"The space could use more of what I call 'swashbuckling VCs' [who] are willing to toe the idiocy line a bit," Miller said. "Not that I want to trip over that line. We do stuff that most other funds say, 'That looks crazy.' "
Blunt, even intimidating
People who know Miller describe a driven man whose intelligence and bluntness can border on intimidation. While polite, Miller seems biologically incapable of wasting time, especially on people who are unprepared or ill-informed.
"Tony is extremely blunt and demanding," said Kyle Rolfing, CEO of Minneapolis-based RedBrick Health, who worked with Miller at Definity. "But you can go toe-to-toe with him. He's not trying to be intimidating, but his passion can be confused as intimidation if you don't know him."
Miller says his interest in health care was incidental. He was a premed undergraduate at St. Olaf College, but only because his older sister, Marianne, was doing the same thing. While studying for a master's degree at the University of Illinois, Miller took a public health class and got hooked. After stints at UnitedHealth Group Inc. and Deloitte consulting in Chicago, Miller said he realized the U.S. employer-based health care system was fundamentally flawed.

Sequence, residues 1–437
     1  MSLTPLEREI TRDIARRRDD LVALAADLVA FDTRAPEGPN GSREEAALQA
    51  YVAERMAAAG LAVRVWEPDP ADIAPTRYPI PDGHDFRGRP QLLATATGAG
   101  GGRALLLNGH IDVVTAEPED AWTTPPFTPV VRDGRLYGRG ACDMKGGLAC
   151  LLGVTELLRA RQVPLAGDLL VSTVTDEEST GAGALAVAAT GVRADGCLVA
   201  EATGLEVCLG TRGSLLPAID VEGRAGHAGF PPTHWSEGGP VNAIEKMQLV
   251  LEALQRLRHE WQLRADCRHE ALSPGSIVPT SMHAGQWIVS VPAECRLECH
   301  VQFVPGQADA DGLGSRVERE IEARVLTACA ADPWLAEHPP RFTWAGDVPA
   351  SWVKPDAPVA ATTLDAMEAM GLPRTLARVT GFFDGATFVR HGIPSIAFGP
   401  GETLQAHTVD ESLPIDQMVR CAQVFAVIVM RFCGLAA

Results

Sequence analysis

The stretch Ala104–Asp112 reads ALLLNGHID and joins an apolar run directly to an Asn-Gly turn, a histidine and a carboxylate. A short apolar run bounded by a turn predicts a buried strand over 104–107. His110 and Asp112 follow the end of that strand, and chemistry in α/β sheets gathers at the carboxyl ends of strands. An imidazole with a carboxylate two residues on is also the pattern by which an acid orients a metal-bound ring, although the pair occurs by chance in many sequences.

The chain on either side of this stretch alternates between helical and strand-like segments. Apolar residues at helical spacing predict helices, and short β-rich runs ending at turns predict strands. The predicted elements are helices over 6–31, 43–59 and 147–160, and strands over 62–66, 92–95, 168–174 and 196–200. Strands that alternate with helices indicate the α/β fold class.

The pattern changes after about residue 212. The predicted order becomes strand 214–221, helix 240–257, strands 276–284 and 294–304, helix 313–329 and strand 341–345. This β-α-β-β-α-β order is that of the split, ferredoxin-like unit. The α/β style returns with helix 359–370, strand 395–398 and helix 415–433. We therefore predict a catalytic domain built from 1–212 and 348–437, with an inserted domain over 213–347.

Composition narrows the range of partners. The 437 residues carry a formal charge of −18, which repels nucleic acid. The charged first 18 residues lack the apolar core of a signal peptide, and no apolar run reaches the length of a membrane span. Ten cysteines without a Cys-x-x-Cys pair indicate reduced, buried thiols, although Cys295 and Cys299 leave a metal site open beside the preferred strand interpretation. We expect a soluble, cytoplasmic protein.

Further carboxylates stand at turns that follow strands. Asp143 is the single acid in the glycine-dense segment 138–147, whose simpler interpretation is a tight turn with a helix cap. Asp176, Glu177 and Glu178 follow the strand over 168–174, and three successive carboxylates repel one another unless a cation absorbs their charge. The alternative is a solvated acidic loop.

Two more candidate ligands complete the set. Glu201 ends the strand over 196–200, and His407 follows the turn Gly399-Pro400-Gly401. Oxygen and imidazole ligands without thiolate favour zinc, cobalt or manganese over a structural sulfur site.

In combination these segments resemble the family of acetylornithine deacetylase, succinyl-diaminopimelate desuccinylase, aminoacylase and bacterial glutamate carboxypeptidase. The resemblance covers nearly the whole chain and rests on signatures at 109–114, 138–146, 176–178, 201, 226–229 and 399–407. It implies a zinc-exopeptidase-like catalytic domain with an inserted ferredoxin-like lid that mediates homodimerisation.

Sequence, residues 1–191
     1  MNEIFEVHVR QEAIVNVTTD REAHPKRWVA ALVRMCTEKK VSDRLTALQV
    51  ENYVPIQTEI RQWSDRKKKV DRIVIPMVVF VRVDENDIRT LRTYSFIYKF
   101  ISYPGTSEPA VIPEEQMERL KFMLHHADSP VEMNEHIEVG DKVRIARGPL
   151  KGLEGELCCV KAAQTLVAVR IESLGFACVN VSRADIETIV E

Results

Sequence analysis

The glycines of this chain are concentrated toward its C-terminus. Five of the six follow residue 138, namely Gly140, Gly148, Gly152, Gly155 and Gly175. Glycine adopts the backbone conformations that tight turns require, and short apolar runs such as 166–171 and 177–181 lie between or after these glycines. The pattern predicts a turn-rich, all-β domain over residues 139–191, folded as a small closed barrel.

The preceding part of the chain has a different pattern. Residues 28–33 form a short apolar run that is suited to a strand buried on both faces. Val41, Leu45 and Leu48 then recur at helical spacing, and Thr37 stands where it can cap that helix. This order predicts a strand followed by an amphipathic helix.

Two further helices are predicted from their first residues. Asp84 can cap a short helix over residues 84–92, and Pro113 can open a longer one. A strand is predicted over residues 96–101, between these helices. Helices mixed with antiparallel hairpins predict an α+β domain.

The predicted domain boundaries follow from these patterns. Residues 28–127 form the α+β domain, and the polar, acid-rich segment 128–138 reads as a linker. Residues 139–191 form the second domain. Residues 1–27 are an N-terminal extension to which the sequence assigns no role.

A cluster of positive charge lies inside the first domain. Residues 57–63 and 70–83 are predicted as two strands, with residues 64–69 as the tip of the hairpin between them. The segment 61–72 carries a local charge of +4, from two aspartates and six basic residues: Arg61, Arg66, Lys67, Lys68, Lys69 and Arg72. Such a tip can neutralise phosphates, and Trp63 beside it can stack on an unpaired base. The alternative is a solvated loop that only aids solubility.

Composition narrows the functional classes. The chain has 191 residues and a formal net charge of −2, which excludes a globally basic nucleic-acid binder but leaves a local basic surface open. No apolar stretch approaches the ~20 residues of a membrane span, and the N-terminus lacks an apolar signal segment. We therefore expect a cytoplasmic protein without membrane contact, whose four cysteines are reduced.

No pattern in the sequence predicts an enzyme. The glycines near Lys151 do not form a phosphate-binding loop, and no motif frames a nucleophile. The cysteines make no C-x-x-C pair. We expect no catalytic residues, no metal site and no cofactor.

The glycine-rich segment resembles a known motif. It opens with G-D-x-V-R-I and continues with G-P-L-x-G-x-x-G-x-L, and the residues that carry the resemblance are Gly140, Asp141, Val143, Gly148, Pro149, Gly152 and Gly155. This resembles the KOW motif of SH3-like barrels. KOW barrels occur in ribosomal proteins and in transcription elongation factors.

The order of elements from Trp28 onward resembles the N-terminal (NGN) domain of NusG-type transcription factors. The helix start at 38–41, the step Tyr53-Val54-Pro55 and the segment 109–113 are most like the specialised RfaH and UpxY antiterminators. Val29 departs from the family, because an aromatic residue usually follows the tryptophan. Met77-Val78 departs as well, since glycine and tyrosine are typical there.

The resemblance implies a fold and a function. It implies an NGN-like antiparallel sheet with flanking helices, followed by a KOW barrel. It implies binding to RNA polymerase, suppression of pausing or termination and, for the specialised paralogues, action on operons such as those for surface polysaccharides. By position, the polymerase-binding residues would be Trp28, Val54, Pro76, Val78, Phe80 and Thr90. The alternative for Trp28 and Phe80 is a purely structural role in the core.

"Everyone talks about how health care is broken," Miller said. "Unless we actually change design [of delivery], all of the stuff we talk about is just noise. ... What's really frustrating for me, working with employers, is that employers are always talking about [health benefits as] their money," he continued. "I would be sitting there saying, 'No, no, it's not really your money. It's really a proxy for compensation that you have promised this individual.' "
The solution, Miller thought, was to empower consumers to take charge of their health care decisions. Along with Craig Swanson, Miller founded Definity Health in 1999, which introduced the nation's first health reimbursement and health savings accounts. Individuals pay their own medical bills from the accounts before insurance takes over.